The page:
For some reason, whenever I hear a Mozart recitative, I feel at home. I can picture myself, suddenly, at My Summer Festival, the air wonderfully fresh and full with humidity and the smells of pine trees, the sound of crickets and geese and maybe Nozze or Cosi. It’s warm and safe and beautiful. The feeling that there’s nothing else you need to be doing, nowhere else you need or want to be. The air almost sparkles as the sun is setting. There is no urgency, no stress, no want, because that moment is just right.
I know exactly what’s going on, of course. More than the wonderfully clever, solidly tonal harmonies and the beautiful singing, it’s the associations I have with this particular music that makes me feel good. My favorite thing to do in the summer as a kid was to sing in the children’s chorus for the operas. We would get to do things like sing in French while brandishing wooden swords at enormous baritones (Carmen) or wear glitter and wings and sing Shakespeare (A Midsummer Night’s Dream). And during rehearsal, while we waited for our scenes, we would play on the lawn outside the concert hall doing normal kid things, but never out of earshot of the opera. And for some reason that I really don’t understand (because most Mozart operas don’t feature children), I associate this memory most strongly with recitatives, especially those by Mozart.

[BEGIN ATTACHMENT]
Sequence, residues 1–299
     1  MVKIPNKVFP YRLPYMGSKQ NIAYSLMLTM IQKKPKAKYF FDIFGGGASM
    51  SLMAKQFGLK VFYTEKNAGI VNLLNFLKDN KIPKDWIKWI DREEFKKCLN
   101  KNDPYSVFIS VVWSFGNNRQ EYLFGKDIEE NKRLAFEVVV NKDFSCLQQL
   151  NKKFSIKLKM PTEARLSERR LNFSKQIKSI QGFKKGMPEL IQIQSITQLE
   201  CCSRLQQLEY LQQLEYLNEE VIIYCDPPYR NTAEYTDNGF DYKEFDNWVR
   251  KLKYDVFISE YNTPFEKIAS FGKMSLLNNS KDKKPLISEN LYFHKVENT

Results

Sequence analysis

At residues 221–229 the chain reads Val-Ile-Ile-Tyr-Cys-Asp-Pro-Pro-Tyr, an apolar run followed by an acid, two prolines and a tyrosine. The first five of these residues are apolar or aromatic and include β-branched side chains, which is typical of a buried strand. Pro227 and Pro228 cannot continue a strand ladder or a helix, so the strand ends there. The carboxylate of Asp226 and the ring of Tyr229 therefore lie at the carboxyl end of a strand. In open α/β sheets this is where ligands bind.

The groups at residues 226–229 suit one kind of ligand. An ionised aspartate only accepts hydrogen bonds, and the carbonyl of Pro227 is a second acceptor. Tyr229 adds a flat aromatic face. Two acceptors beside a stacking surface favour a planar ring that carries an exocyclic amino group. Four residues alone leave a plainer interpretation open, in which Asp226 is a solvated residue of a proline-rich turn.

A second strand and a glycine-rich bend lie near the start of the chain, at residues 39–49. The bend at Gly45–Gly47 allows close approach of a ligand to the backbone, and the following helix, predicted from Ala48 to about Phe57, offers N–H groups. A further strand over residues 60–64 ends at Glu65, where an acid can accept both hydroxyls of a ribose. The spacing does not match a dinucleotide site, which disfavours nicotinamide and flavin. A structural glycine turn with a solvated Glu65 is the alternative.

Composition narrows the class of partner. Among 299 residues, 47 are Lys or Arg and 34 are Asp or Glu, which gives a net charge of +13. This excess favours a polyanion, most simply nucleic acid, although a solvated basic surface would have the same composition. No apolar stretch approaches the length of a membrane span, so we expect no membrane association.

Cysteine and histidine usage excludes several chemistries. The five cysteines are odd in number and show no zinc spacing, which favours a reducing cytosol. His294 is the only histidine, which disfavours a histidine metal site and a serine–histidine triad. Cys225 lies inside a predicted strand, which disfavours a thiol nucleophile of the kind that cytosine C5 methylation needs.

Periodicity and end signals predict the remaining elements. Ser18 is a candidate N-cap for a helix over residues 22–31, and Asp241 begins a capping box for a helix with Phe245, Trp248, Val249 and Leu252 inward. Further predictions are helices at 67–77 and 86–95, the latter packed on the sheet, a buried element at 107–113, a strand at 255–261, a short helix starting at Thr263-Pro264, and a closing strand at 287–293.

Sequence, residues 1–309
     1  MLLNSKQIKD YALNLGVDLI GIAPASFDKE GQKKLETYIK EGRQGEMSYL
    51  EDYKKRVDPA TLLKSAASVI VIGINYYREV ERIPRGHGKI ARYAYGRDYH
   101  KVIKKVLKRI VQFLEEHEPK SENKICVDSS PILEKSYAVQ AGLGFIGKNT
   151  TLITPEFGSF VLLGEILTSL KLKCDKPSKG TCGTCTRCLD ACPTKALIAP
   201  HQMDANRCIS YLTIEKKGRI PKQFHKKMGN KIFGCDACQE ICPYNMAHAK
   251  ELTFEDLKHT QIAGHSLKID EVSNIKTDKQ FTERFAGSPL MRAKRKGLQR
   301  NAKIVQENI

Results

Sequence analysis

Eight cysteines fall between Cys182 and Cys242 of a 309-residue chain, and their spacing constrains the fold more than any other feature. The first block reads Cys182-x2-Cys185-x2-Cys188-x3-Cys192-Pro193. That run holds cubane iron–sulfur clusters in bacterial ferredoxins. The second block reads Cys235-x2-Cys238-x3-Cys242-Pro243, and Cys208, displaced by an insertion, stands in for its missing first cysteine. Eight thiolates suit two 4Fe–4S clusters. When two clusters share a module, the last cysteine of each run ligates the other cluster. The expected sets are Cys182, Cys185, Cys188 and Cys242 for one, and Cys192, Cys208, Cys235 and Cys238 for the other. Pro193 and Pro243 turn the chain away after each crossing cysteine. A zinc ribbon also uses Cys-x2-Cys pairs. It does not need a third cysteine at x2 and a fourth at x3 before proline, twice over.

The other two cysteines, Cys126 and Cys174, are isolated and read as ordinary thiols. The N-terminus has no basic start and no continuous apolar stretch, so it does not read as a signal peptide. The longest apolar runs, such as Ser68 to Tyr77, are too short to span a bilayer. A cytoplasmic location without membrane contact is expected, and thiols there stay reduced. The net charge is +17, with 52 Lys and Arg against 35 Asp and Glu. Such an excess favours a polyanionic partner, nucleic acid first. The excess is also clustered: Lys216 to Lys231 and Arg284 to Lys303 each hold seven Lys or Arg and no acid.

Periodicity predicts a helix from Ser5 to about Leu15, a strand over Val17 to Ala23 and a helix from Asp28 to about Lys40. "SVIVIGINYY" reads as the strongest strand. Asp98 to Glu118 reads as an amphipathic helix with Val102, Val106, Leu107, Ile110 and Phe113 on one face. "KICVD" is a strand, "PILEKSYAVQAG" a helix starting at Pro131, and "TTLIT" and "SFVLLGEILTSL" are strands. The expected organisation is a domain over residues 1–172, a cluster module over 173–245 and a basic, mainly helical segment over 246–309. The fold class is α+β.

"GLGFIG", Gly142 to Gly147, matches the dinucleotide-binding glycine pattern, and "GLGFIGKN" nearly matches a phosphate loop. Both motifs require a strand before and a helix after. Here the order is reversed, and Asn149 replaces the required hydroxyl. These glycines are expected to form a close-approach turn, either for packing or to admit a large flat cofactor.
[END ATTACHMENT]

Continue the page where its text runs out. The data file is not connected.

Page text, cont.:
Cheryl Studer, “Ch’io mi scordi di te.”
Music, for me, is comforting. And not just in the adolescent sense of I just have so many feelings and music is the only way I can understand ALL THE FEELINGS, although there may be a little of that. It reminds me of some of the happiest parts of my life, especially summers as a kid. It sounds trite, I know—I play music because it makes me feel nice! But if I can continue that happiness into the present, building new wonderfully satisfying memories (maybe) every time I play, is that really such a bad reason, among others, to make it into a life?